Things to Come
Things to Come is the detailed tapestry of one woman’s life, as she moves through an important transition.
A weekly series starring Brit Marling (“I Origins”, “Another Earth”) and James Nesbitt (“The Missing”, “The Hobbit”) from Oscar-winner Danny Boyle (“127 Hours”, “Slumdog Millionaire”) should be major news and appointment television around the world. Add to that pedigree in front of and behind the camera the fact that “Babylon,” premiering Thursday night on The Sundance Channel at 10pm EST, is ostensibly a witty commentary on the backstabbing politics behind the politics not unlike Armando Ianucci’s “The Thick of It” and “Veep,” and my anticipation level was sky high. So what’s wrong with “Babylon”? Why is it just so-so? Is it a matter of expectations? You get people as talented as Marling, Nesbitt and Boyle together and people are going to bring different baggage to how they experience the final product. And, to be fair, Marling and Nesbitt are the best things about “Babylon,” by far. No, the problem lies, as it so often does in shows like this one, with a tonal imbalance in the writing. Attempts at dry, workplace humor are intermingled with commentary on how much perception dictates policy. That’s all well and good but the humor isn’t funny enough and the commentary isn’t sharp enough. Other than the occasional spark provided by Marling or the consistently great work by Nesbitt (the scenes between the two of them almost make the show work on their very own), I just don’t care about “Babylon.”
Marling plays Liz Garvey, an American transplant hired to climb a seemingly impossibly steep mountain in that she’s been tasked with repairing the damaged public image of the London police force. Viewed as either corrupt or inept, depending on who you talk to at the pub, the London police don’t exactly know how to handle a world in which social media and smart phones have redefined the way they are perceived. Given the current conversation about the U.S. police force and how much social media has impacted that discussion, one would think there’s room for precise, detailed, sharp commentary in a concept like the one for “Babylon,” but the narratives too often focus on the PR of politics more than the personal. Yes, it’s interesting to see how internal disagreements can lead to inconsistent enforcement such as in the second episode but it doesn’t make for scintillating TV.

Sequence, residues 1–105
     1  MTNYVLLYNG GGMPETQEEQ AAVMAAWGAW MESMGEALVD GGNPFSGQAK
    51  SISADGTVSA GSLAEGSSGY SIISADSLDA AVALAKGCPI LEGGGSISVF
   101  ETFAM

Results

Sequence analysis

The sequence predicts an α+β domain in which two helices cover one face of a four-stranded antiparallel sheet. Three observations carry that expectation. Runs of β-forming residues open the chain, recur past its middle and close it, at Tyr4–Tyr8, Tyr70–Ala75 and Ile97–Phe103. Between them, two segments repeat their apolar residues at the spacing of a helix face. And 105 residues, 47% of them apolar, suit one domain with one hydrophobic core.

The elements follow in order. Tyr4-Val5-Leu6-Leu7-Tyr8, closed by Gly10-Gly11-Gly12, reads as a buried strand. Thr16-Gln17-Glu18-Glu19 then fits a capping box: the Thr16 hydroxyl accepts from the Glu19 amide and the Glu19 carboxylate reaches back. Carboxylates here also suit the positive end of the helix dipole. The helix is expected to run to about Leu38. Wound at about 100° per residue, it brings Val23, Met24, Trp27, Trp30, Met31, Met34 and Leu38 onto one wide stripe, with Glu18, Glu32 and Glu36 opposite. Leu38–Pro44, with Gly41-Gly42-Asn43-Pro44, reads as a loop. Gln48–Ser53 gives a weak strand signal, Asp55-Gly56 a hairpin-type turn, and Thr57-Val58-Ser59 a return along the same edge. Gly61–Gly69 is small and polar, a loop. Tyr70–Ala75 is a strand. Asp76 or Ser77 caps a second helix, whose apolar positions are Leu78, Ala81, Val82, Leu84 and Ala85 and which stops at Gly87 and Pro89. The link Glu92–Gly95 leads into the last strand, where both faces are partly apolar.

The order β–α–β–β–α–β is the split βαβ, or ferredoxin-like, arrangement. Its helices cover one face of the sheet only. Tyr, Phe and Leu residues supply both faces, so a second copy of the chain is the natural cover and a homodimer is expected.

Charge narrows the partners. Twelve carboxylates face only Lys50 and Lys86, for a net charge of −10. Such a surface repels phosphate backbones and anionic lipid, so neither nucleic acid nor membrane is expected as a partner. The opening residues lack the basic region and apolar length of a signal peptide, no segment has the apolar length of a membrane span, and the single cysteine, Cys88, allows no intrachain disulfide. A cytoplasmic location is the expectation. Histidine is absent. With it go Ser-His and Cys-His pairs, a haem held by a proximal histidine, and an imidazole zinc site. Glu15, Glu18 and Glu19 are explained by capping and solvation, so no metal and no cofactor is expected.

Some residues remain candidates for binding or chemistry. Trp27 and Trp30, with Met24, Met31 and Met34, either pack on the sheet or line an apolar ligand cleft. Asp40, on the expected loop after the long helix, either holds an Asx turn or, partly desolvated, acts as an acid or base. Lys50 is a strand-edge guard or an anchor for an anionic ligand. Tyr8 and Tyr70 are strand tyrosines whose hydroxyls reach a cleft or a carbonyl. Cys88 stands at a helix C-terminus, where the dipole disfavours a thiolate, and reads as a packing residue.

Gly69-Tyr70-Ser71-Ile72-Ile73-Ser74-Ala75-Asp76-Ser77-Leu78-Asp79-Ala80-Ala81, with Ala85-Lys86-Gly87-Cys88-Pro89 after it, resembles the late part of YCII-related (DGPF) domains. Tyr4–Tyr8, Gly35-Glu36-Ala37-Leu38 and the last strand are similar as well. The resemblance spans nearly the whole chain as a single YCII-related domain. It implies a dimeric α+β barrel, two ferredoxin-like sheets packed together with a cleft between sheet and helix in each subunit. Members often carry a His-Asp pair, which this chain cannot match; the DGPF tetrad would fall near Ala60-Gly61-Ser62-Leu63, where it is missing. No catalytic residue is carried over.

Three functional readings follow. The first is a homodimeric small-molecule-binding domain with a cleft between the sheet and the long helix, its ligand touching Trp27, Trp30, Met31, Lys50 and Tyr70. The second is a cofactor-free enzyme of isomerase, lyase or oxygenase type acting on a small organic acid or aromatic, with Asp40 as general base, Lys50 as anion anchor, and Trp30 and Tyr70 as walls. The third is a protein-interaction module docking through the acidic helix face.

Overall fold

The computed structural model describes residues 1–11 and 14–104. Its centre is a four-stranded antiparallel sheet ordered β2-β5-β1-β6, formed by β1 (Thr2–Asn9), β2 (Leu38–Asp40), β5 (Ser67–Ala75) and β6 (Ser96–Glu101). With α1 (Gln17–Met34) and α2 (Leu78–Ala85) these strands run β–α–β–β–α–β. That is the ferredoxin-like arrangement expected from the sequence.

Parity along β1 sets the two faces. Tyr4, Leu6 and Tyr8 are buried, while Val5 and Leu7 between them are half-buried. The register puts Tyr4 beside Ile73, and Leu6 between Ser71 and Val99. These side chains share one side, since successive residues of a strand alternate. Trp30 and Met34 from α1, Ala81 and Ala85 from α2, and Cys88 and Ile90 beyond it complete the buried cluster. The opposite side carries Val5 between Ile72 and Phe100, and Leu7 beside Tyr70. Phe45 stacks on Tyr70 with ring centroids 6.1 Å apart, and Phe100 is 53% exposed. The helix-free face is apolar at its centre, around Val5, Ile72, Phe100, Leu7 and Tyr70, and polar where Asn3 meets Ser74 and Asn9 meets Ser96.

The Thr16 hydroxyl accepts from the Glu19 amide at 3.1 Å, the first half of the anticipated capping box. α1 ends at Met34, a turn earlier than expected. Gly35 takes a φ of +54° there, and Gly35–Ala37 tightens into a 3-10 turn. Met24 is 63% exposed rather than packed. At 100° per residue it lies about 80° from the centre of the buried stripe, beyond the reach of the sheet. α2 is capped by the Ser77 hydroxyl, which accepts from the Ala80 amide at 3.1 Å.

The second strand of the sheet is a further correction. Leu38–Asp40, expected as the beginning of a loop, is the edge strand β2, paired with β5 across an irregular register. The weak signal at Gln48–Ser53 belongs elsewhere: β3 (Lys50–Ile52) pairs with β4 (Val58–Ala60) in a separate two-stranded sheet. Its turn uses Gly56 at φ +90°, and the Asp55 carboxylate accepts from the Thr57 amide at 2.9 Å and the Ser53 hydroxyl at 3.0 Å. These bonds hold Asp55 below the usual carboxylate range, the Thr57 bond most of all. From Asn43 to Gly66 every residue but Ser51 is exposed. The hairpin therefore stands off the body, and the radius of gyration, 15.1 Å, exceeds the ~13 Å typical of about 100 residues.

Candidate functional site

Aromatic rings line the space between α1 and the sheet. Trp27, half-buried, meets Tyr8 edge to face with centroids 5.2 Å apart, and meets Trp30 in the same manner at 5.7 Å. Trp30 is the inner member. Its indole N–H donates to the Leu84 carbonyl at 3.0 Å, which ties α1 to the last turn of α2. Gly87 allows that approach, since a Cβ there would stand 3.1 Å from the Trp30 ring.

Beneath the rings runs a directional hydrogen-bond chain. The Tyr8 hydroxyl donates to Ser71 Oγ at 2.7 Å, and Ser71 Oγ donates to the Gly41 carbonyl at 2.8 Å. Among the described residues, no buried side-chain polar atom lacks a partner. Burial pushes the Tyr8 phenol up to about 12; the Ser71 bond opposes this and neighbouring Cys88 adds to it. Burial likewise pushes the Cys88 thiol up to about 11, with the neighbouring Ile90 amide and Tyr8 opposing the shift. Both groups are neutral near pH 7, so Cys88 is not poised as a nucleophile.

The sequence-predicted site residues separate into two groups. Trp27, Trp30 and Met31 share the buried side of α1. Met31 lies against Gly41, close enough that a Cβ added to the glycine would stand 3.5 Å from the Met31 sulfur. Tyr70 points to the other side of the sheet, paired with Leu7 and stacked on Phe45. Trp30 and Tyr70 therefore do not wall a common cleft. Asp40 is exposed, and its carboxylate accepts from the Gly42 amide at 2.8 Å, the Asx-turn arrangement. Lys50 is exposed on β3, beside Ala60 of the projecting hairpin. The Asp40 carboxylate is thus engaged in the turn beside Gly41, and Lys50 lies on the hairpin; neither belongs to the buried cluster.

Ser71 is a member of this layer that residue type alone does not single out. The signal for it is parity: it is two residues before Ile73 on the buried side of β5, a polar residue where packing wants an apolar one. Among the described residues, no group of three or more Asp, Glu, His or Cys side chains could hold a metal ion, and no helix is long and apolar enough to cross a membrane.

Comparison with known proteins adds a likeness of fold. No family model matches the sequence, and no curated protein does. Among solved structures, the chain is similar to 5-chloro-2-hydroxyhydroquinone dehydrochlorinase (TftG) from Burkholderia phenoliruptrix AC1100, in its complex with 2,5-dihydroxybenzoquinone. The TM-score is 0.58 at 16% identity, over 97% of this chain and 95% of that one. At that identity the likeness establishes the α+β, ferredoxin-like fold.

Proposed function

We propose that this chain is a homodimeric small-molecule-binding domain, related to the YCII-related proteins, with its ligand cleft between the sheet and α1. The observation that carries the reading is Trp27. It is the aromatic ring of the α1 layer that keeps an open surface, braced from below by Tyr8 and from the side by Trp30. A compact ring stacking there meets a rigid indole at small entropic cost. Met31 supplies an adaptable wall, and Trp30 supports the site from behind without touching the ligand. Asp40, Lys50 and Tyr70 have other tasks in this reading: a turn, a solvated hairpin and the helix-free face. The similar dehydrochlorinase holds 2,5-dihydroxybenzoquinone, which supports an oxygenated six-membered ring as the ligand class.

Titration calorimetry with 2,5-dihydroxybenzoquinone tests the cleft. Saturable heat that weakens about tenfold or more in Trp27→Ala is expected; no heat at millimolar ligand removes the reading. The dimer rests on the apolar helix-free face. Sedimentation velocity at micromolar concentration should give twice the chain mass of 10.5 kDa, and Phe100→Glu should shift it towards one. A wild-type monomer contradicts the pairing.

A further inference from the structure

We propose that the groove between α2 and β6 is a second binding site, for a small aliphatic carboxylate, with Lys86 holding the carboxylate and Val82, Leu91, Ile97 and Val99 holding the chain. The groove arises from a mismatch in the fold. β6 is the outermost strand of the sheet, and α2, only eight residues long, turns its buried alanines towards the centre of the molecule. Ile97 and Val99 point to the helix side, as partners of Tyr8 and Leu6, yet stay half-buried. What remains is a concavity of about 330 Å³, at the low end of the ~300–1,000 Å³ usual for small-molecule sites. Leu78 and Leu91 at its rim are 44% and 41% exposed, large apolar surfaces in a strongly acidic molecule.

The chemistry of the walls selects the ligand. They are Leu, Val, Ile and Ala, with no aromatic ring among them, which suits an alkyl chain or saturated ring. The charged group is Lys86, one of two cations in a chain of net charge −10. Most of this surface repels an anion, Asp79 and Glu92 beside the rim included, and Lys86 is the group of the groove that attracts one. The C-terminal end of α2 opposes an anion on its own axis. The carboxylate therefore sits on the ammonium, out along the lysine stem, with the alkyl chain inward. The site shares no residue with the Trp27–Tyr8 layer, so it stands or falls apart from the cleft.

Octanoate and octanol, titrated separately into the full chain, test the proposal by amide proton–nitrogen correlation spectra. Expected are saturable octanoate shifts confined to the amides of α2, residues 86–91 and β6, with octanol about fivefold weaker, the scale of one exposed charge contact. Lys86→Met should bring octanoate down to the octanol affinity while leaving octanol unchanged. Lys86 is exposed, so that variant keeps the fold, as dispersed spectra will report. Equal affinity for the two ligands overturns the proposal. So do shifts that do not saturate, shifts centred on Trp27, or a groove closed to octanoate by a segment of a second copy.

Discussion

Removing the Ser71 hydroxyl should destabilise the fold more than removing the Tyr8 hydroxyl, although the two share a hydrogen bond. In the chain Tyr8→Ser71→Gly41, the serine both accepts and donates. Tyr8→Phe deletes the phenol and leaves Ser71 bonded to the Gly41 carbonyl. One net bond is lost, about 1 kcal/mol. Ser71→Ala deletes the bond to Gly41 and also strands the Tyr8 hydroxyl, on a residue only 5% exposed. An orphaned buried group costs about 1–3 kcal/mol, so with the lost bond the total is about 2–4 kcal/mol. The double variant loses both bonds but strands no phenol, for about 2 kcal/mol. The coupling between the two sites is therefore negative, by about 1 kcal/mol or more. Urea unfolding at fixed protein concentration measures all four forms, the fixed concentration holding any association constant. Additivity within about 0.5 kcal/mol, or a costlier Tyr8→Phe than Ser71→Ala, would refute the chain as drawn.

Garvey butts heads regularly with Chief Constable Richard Miller (Nesbitt) and these scenes have a palpable energy missing from the rest of “Babylon.” Much of the episodic nature of “Babylon” follows London cops on the street, dealing with suspects trying to film them on their smart phone or uncertain how to respond to an unarmed enemy. This material is just too familiar and over-crowded to work (there's a misguided sense that the more "casual cop" conversations per episode, the more believable the overall production will feel). A narrative about an officer who is rattled after a call ended in a shooting has some weight, but even that feels familiar and mishandled. Again, “Babylon” delivers a mixed bag in which it’s deceptively simple to applaud the effort to handle the bizarre intersection of publicity and policing, and yet that attempt doesn’t make it entertaining or insightful on its own.
Perhaps “Babylon” would have worked more as a straight-up drama instead of the Ianucci-esque stabs at humor. We are in a time in which perception of authority is going to be one of the defining issues of the year, and it is the humorous asides of “Babylon” that feel the most undercooked and ill-conceived. “Babylon” has an opportunity to really show people how a machine like the police force has to balance transparency and privacy to get its most important job done. If the show succeeds and they come back for season two, let’s hope they take that chance.
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